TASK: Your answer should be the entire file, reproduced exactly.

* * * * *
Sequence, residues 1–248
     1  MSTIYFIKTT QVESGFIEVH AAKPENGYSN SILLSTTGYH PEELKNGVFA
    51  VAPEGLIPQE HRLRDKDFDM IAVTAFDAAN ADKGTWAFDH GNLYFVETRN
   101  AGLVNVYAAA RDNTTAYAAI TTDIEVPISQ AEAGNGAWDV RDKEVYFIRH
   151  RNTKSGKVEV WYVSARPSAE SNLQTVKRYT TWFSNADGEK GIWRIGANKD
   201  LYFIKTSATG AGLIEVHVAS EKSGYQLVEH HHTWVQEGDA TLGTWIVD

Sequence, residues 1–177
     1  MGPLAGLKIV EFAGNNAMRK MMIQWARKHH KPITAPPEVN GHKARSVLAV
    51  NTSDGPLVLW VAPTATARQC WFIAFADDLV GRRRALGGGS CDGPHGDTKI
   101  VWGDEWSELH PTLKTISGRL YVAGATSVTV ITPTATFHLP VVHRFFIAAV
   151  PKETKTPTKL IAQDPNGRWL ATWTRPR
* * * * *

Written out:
Sequence, residues 1–248
     1  MSTIYFIKTT QVESGFIEVH AAKPENGYSN SILLSTTGYH PEELKNGVFA
    51  VAPEGLIPQE HRLRDKDFDM IAVTAFDAAN ADKGTWAFDH GNLYFVETRN
   101  AGLVNVYAAA RDNTTAYAAI TTDIEVPISQ AEAGNGAWDV RDKEVYFIRH
   151  RNTKSGKVEV WYVSARPSAE SNLQTVKRYT TWFSNADGEK GIWRIGANKD
   201  LYFIKTSATG AGLIEVHVAS EKSGYQLVEH HHTWVQEGDA TLGTWIVD

Sequence, residues 1–177
     1  MGPLAGLKIV EFAGNNAMRK MMIQWARKHH KPITAPPEVN GHKARSVLAV
    51  NTSDGPLVLW VAPTATARQC WFIAFADDLV GRRRALGGGS CDGPHGDTKI
   101  VWGDEWSELH PTLKTISGRL YVAGATSVTV ITPTATFHLP VVHRFFIAAV
   151  PKETKTPTKL IAQDPNGRWL ATWTRPR